- Golf: Koepka to become new world No. 1 after CJ Cup win
- China must balance need for stable growth while managing risks: State Council
- NBA roundup: Tempers flare as Rockets down Lakers
- Amid skepticism, Saudi official provides another version of Khashoggi death
- Saudi Arabia reportedly deployed Twitter army against Khashoggi and other critics
CNBC’s Jim Cramer knew investors would be counting on him to explain the stock market’s weakness after the Dow Jones Industrial Average dropped over 830 points on Wednesday in its sharpest decline since March.
“When everyone’s terrified, justifiably or not, … I like to step back for a second, get a battle plan going, pull out the ‘Mad Money’ sell-off playbook [to] help explain what’s happening [and] what it will take for the pain to end,” Cramer said. “Spoiler alert: I don’t see it ending any time soon unless we get some major concrete changes.”
The causes of the sell-off — which began shortly after the Federal Reserve raised interest rates and forecast several more rate hikes in an attempt to cool a strong economy — were sixfold, the “Mad Money” host said.
But above all else, he blamed the Fed for not looking more closely at the economic data before announcing its lockstep rate hike plans.
“The fact is, I do have a better handle on the situation than the Fed does, just like in 2007,” he said. “Oh, I hate to show such hubris on this show – or anywhere or at home – but I am sick and tired of a Fed that reverts to a non-rigorous, non-homework-oriented approach every time things look good. It’s like they unlearned all the lessons of the Great Recession.”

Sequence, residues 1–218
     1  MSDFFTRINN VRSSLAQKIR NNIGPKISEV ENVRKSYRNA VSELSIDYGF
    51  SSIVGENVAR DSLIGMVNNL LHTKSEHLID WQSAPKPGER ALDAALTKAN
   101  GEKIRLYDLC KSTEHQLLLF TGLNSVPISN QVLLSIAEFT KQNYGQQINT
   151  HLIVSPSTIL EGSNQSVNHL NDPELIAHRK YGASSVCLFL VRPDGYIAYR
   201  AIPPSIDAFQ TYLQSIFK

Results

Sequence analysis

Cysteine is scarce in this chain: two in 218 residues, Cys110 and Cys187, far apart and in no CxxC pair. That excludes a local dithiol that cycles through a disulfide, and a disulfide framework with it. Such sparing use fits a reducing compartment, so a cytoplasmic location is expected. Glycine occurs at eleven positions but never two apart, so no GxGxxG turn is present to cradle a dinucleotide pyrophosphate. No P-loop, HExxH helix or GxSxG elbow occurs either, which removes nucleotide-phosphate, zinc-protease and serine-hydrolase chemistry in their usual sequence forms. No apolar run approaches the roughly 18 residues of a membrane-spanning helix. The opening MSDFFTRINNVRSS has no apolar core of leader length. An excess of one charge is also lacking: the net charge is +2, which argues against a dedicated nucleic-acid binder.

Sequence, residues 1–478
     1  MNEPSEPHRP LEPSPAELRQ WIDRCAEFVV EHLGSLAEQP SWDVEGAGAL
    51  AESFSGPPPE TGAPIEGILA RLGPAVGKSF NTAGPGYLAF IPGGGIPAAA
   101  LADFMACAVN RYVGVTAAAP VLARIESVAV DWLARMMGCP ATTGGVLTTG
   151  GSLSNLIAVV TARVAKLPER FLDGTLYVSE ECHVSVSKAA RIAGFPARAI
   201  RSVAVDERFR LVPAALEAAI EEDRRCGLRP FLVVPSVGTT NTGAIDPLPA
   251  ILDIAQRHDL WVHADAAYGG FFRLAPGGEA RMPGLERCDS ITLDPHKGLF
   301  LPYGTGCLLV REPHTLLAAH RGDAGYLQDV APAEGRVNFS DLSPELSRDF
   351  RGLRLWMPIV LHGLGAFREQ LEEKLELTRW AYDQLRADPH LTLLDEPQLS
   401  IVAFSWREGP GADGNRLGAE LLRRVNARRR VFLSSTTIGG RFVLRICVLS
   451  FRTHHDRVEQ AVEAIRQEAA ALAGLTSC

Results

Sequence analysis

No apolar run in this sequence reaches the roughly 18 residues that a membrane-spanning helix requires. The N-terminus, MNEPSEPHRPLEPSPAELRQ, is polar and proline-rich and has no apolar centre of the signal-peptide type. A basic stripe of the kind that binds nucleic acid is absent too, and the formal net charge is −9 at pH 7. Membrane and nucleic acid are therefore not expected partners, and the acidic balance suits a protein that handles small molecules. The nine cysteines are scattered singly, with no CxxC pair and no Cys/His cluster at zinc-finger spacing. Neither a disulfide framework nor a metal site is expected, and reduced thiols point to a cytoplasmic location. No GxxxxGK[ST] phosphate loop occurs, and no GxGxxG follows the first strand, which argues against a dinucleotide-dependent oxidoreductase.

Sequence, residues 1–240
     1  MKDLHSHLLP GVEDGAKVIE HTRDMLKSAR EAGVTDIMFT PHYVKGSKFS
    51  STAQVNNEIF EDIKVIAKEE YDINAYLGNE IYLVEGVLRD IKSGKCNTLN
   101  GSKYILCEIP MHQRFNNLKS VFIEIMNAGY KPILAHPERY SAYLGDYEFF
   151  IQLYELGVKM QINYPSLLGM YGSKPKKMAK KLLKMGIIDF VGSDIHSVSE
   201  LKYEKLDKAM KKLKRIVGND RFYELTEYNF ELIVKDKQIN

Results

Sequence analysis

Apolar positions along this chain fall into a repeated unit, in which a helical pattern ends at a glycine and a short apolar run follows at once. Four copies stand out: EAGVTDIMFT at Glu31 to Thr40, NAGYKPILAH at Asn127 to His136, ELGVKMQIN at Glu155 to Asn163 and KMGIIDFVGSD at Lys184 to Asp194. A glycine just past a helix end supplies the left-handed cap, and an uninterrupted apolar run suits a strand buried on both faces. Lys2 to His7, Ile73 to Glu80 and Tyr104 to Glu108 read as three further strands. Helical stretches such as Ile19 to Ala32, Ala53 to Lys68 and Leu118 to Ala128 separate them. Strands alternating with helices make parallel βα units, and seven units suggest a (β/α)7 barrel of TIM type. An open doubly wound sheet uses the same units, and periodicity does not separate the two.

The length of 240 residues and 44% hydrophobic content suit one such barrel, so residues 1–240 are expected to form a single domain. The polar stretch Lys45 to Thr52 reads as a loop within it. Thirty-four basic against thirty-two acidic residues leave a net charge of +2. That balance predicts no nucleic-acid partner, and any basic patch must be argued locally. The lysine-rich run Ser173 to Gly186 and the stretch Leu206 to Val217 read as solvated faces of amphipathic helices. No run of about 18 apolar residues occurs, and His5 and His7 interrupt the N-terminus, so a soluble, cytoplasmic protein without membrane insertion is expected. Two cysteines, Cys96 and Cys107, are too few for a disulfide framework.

Click here for Cramer’s full sell-off playbook.
On a brutal day for the major averages, Cramer decided to open the phone lines to investors worried about the state of the stock market.
His overarching message? “The time to start buying may be upon us,” because what started as selling has now grown into what seems to be a full-blown panic, he said.
“A vicious correction is, indeed, a terrible thing to waste,” he told viewers. “If you have some spare cash or if you’re thinking about putting some long-term money away at the end of the year, maybe you pull some of it forward. That’s what I did today for my kids’ index fund.”
The reason Cramer felt a bit better about buying was due to a trend he noticed in the market’s trading volume. Investors were selling at a 10 to 1 rate, meaning the volume was heavily skewed to the downside, a sign that things could be getting oversold.
“On a day when volume was 10 to 1 on the downside, I am OK’ing small buys of some of the great stocks that we have followed and talk about,” Cramer said.
Click here for the stocks he’s talking about and why selling now might not be the best idea.
With shares of Starbucks, Campbell Soup and PPG Industries now the targets of high-profile activist investors — and the rest of the market in a tailspin — Cramer wanted to make sure investors weren’t getting ahead of themselves.
On Tuesday, hedge fund Pershing Square, run by Bill Ackman, announced a $900 million stake in the stock of Starbucks; Nelson Peltz’s Trian Partners disclosed a $690 million stake in shares of PPG; and Daniel Loeb’s Third Point raised its existing stake in Campbell Soup’s stock.